Course Syllabus

Course Title: AMERICAN REGIONAL CUISINE Session/Year: Winter 2011
Course Number: CL141
Instructor Name: Chef Jefe Birkner
Email Address:

Course Description:

·         Students will learn the history and styles of cooking in the American regions.

·         Emphasis will be on the seasonality of food indigenous to each region.

·         Students will observe and exercise sound cooking principals and practice solid cooking methodologies.

Course Length: 11 weeks / 22 days (Winter 2011 will miss one day, due to MLK Day)
Contact Hours: 110 hours
Credit Value: 6

*Course Competencies:

At the conclusion of this course the student should be able to...

1. Prepare a variety of various American cuisine dishes, which employ basic culinary principles, concepts and quality standards
2. Demonstrate and practice fish butchering
3. Construct and maintain applicable time-lines
4. Define and discuss the unique similarities and differences in American cuisine
5. Describe foods, preparation methods and traditional dishes associated with the different American regional cuisine
6. From various sources, research and explain the influences that define regional cuisines of particular areas of the United States.

Course Prerequisites:CL112 Fundamentals of Classical Techniques

Textbooks: Nenes, M. F. (2007). American Regional Cuisine. John Wiley & Sons, Inc., Hoboken, New Jersey.

Uniform Policy:Students will be required to be in full Culinary Course Home – (see Uniform Policy)

It is AIS's policy not to discriminate on the basis of disability in its educational programs. If you have a disability-related need for adjustments or other accommodations in this class, contact the Disability Services Department at 206-448-0900 Ext 2308."

Attendance Policy:

All students are graded on their participation (not attendance), if you are not in class you lose an opportunity to earn participation credit.  Part of what I believe that students are in school for is to prepare them for a professional career in the marketplace. The marketplace of customers and critics is very unforgiving of absence. You are in school to learn a skill, if you don’t show up, in school or at work then your skill will not earn you points, or a living. If you have something else “more important” in your life, I will forgive and excuse you, but you will not have the opportunity to earn the day's points that your classmates will have.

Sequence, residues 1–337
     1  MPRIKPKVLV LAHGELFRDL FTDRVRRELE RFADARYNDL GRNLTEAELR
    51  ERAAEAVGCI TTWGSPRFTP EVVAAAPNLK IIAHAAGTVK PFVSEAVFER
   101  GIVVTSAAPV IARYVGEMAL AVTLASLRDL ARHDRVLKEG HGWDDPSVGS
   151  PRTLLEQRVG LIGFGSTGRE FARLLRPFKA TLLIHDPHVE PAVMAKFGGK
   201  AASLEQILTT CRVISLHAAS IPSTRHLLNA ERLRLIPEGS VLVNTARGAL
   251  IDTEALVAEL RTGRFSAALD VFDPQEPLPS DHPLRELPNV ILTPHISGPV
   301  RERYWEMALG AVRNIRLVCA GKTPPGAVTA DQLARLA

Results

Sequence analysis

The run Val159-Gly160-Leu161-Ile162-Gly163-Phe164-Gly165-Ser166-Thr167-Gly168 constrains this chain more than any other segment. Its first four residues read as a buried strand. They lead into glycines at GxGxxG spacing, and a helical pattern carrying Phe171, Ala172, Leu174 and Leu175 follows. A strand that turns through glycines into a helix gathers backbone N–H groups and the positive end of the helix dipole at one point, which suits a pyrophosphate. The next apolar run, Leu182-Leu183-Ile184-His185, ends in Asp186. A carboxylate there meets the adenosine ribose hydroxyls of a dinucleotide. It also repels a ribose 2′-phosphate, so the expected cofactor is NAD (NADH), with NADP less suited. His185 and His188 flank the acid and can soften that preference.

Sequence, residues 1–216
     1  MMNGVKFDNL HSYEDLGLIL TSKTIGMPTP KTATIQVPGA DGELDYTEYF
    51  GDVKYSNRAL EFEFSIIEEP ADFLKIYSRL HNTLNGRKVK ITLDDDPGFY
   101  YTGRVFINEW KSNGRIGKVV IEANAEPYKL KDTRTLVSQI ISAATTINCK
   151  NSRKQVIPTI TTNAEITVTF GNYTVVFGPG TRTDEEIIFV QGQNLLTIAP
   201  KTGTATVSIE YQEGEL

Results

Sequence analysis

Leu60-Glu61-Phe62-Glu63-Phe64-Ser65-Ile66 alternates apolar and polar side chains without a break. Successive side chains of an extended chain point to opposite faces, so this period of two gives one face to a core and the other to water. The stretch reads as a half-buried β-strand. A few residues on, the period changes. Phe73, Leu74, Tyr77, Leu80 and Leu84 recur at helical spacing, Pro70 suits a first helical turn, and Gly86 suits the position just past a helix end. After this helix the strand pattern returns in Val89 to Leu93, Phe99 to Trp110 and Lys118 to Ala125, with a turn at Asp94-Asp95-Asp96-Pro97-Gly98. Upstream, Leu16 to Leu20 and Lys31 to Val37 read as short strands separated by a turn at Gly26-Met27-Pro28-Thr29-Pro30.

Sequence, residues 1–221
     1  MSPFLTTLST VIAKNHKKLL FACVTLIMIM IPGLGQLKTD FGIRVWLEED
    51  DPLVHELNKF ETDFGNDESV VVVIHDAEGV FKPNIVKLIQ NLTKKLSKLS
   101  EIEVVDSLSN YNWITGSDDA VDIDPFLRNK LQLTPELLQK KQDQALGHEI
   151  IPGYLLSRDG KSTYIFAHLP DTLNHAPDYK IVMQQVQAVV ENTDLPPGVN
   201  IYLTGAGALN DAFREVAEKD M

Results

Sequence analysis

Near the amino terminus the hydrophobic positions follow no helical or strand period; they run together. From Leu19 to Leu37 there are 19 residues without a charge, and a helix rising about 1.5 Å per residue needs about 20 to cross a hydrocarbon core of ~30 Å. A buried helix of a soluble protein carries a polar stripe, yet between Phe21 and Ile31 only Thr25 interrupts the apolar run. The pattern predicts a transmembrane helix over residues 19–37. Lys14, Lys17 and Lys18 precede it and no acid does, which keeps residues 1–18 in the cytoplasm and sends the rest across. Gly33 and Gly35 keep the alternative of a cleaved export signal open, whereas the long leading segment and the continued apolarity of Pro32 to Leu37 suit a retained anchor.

Late Work will receive a 10% deduction for each week late. After 2 weeks, credit will not be rewarded for the work.

NO WORK will be accepted after the last day of the class.

Occasionally, the instructor may offer extra credit work. Students are only awarded points for extra credit assignments if all other coursework up to that point has been turned in, and attendance is at least 70%

1.       Put the course number of your class (example BP101, or CL255)  in the subject line of every e-mail you send me. If you do not do this, the chance of me seeing your e-mail in a timely manner is dramatically reduced.

2.       EVERYTHING that you expect me to read, grade, respond to, or give you credit for MUST have your name on it. This includes: all e-mails, quizzes, exams, projects and homework. In the past year I have received final exams with no name, e-mails from “scrambled” addresses that were not signed, and I had no way to respond to the students, or give them credit for their work. Signing e-mail is also polite, and a good habit to get into. If you don’t sign your work, you should not expect to get credit for it.

Instructor availability outside of class:

Office Hours, 30 minutes before and after each class session, I will be available for students.  If you need to contact me outside of this time please use email. Please be proactive when it comes to questions or class related problems. Contact me in class and we’ll find a time and location to talk.

 Do not hesitate to ask any questions – something you don’t think you understand, something that confuses you, etc. – take care of your questions immediately.


Students are expected to meet academic standards of honesty in all aspects of their work at The Art Institute of Seattle. All work submitted, including papers and projects, written and oral examinations, and oral presentations and reports, must be free of plagiarism. Plagiarism is using the creations, ideas, or words of someone else without formally acknowledging the author or source through appropriate use of quotation marks, references, and citations.